How Africa’s powerful Kongo Kingdom expanded its territory without military conquests 

Emmanuel Kwarteng October 13, 2022
European ambassadors in the presence of the King of the Kongo, Musée Royale de l’Afrique Centrale, Belgium/New York Public Library

One of the oldest and best-documented African kingdoms is that of Kongo. According to historians, the territory of the kingdom at its peak stretched from what is now Angola, the Democratic Republic of the Congo, and the Republic of the Congo. The locals’ version of events, however, encompasses all of modern-day Gabon, Namibia, and even Zambia.

The cultural parallels between the countries involved tend to back up this claim. It is believed that the kingdom was formed from the disintegration of an ancient kingdom called Bangu, found on the north bank of the Congo River. 

As indicated earlier, the Kingdom of Kongo is arguably one of the largest kingdoms on the African continent yet its expansion was not a result of military conquests, according to a report by Rebecca Bayeck, Ph.D. The kingdom didn’t have an army and mercenaries but royal guards who protected the court.

The kingdom grew by persuading neighboring states to join it. As long as they promised to abide by the rules, other kingdoms were welcome to join the Kongo Kingdom and become provinces. They could also withdraw from the monarchy without interference.

Also, intermarriages among the people contributed to this expansion. Per oral traditions, in 1390 C.E., Nima a Nzima of the Mpemba Kasi married Luqueni Luansanze of the Mbata in a political marriage that sealed the union between the two KiKongo-speaking peoples and led to the establishment of the Kingdom. In the middle of the 1600s, the kingdom’s might peaked. 

With a population of over 2 million, the kingdom of Kongo benefited greatly from the exchange of ivory, copper, salt, cattle hides, and slaves. The kingdom’s weavers, who made the renowned Kongo raffia fabrics, potters, and metalworkers, did not only import goods but also produced their own.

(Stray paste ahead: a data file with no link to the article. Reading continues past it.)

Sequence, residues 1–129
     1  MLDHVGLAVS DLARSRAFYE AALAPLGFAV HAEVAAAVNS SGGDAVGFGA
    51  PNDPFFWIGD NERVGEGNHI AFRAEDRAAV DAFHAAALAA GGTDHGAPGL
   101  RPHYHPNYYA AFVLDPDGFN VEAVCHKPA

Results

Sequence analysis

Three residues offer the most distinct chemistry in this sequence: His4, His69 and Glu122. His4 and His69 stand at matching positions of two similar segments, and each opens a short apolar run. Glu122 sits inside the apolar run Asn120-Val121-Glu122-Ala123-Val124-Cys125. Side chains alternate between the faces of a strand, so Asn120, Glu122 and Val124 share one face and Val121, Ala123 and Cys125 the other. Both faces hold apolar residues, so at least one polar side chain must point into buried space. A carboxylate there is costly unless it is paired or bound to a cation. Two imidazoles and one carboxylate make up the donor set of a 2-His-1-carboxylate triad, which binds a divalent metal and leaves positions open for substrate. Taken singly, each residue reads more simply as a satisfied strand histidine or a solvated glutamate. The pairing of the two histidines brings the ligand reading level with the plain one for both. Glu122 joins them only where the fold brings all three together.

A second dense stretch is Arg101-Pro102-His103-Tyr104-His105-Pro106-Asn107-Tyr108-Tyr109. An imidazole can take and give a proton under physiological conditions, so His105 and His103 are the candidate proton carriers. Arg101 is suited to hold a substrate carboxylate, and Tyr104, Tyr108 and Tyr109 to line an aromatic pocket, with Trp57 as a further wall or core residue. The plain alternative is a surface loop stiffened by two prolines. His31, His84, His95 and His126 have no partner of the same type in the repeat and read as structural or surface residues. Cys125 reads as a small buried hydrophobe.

The Kongo kingdom was highly centralized, with a single monarch known as the nkani selecting regional governors across his domain. These governors in turn nominated regional leaders and procured tribute from regional chiefs, including ivory, millet, palm wine, and leopard and lion skins, which they then delivered to the monarch at Mbanza Kongo, the capital of the Kongo.

Governance

There was no line of succession to the throne among the Bakongo, therefore any Mukongo (a citizen of the Kongo kingdom) may run for and be elected king. There were a total of 12 provinces in the kingdom, each of which was governed by a governor appointed by the monarch. The provinces were Soyo, Ngoyo, Kakono, Loango, Mpumbu, Matamba, Ndongo, Nsundi, Mbamba, Mpemba, Mpangu, and Mbata.

The kingdom provided positions to each of the 12 finalists for the throne. All twelve nominees were promised a noble title, including Mani—a term for a monarch or other person in a position of authority— or Ne

“The title Mani or Ne was either followed by the name of the candidate’s district, province, or function for those who held positions in the royal court.  For instance, Ne Mampandu was the Ne of Mampandu,” Bayeck writes.

Decline of Kongo Kingdom

Around the sixteenth century CE, the Portuguese, frustrated by Kongo’s trade laws, shifted their focus south to the region of Ndongo, hastening the decline of the kingdom, as stated by worldhistory.org. Ndongo’s army had already defeated Kongo’s in 1556 CE, the platform added. Also, popular unrest was brewing against the Kongo rulers as the populace hated the fact that they were being taxed so much by an aristocracy eager to purchase imported luxury items. 

What’s more, as the number of European traders in the region grew, particularly after the arrival of the Dutch in the early 17th century, it became problematic for the king to maintain the loyalty of the regional governors, leading to Kongo’s drastic power decline.

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